For decades, I’ve pleaded with you to not use debit cards because they are not safe. And for years, I warned my sons about the dangers of riding motorcycles because they are not safe.
Has anyone listened and taken heed? Debit cards are more popular than ever. And on the subject of motorcycles in my family, to date I have a 50-percent fail rate. For me, debit cards are the motorcycles of personal finance.
I’ve concluded that the best I can do now that so many refuse to give up their debit cards (and motorcycles) is to nag, preach and harangue on the importance of crash helmets and safety equipment.
The odds are stacked against you in both debit cards and motorcycle travel. You must know what you are dealing with, how to react and what to do when things turn ugly.
Think like a bank. For you, a debit card is a convenience. For your bank, it’s a huge moneymaker. If you allow your account balance to get too low, you could get socked with big bounce fees. If you forgot to track a few small debits and a large check comes through later in the same day, many banks will hold the small debits and honor the large check first and then charge you a $34 bounce fee for each debit transaction that exceeds your balance.
Create a cushion. If you use a debit card, you cannot afford to let your account run low. Figure out a way to keep a cushion that you never use as your protection against inadvertent bouncing.
Keep track. Banks will not stop you from using your debit card just because your account runs dry. In fact, they are quite happy when this happens so they can whack you with huge fees. Get online access at your bank’s website so you can check your balance and account activity every day.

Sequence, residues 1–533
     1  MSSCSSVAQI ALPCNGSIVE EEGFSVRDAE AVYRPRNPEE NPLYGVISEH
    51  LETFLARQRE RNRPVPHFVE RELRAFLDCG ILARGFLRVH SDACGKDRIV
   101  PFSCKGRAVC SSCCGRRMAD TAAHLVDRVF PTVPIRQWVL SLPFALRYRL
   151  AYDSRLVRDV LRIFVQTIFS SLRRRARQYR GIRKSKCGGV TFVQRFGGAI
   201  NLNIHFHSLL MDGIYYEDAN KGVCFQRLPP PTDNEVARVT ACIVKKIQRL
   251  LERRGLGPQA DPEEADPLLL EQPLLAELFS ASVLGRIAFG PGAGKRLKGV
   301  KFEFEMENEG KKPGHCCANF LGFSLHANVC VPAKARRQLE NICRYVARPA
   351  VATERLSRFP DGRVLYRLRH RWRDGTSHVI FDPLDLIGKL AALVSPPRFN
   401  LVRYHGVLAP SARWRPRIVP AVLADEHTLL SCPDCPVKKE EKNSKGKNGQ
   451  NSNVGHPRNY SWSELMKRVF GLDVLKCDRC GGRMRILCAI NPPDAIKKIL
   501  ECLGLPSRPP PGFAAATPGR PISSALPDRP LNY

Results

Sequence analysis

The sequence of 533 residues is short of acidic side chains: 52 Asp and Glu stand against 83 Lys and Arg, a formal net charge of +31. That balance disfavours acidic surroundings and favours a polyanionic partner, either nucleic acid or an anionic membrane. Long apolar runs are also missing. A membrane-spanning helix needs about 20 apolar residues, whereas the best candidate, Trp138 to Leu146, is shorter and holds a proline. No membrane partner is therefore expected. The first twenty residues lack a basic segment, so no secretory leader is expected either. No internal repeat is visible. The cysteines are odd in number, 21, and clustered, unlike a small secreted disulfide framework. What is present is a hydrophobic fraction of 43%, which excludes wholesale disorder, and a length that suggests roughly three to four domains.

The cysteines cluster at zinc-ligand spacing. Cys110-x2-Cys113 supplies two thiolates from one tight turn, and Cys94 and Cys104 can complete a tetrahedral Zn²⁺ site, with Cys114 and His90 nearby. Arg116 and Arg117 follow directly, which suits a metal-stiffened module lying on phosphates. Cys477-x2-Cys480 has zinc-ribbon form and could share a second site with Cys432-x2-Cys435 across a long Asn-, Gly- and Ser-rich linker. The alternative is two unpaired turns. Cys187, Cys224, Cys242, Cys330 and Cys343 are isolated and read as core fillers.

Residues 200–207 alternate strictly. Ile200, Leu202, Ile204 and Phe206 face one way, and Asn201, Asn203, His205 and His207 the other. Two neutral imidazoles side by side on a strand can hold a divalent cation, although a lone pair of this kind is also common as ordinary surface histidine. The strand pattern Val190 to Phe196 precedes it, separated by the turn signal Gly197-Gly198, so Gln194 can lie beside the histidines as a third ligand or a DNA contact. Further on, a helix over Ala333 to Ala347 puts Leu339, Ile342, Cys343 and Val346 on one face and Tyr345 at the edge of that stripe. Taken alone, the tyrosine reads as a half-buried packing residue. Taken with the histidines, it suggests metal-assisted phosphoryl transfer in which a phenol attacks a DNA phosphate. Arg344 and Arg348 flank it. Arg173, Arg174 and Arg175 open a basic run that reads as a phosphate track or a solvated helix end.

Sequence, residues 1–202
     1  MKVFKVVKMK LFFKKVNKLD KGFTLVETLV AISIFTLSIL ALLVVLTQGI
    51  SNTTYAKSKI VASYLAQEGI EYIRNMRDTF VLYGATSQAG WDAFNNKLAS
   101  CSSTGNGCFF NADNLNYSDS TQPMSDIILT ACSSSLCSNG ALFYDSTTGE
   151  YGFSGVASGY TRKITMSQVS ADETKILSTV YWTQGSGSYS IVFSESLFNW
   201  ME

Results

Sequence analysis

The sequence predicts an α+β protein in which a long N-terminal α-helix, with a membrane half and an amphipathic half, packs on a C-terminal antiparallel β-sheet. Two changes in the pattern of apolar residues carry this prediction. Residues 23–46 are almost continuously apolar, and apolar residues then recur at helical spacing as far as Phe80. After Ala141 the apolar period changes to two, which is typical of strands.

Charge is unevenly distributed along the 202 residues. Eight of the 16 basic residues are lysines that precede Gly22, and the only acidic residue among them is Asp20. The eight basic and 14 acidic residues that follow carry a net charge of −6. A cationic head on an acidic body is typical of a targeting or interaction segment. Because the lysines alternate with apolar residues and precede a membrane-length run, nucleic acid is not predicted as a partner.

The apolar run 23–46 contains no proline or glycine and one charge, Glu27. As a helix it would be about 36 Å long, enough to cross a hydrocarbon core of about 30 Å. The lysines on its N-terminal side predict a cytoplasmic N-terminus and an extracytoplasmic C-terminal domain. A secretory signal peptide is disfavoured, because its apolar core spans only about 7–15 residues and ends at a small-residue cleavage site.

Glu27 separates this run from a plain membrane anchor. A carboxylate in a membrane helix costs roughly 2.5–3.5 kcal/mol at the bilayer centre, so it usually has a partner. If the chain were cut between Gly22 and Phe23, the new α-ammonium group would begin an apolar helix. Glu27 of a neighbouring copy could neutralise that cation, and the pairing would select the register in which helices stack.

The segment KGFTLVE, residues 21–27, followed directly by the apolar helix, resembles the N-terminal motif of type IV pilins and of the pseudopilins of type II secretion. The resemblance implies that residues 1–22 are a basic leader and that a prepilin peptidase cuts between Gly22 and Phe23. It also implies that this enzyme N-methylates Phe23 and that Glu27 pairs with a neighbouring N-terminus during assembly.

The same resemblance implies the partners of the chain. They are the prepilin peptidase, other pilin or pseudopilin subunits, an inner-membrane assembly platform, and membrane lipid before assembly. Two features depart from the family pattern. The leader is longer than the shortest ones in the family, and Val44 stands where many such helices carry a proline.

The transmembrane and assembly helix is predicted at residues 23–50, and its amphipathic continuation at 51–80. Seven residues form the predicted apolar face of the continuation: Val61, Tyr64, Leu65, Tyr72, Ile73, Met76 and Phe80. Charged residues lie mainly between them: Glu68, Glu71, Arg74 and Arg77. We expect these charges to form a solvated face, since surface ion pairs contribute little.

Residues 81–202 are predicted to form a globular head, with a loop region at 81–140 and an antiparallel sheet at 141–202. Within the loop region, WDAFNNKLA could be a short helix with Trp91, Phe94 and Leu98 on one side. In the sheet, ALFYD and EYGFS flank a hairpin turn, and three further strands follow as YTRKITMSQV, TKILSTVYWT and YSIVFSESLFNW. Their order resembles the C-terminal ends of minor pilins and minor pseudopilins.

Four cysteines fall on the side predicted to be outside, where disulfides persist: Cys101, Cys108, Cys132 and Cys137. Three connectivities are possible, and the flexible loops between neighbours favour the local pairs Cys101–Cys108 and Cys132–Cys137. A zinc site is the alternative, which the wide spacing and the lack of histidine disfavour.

Stick to cash. Cash is cool because it is limiting. Cash can’t bounce. I find spending cash keeps me more aware of what I’m doing. Plastic just isn’t the real thing. Retailers love to see you swipe a plastic card for payment because they know you’ll spend more in their store than if you are limited by the cash in your wallet.
Deposits slow, debits fast. Don’t assume you’ll have immediate access today to funds you deposited today. Most banks place a hold on deposits for a few days; others for up to a week. And if your debits come through while the deposit is on hold? Brace yourself. It will be just as if you had never made the deposit.
Speak up. Don’t assume anything. A bank’s policies and guidelines can change overnight, so keep up. And if you get burned by your bank, don’t take it lying down. Explain your situation, and ask them to waive the fees and penalties. If your bank or credit union isn’t known for its customer-friendly policies, remember there are plenty out there that are.
Mary Hunt is founder of www.DebtProofLiving.com.
You can email her at email@example.com, or write to Everyday Cheapskate, P.O. Box 2099, Cypress, CA 90630.
To find out more about Mary Hunt and read her past columns, please visit the Creators Syndicate Web page at www.creators.com.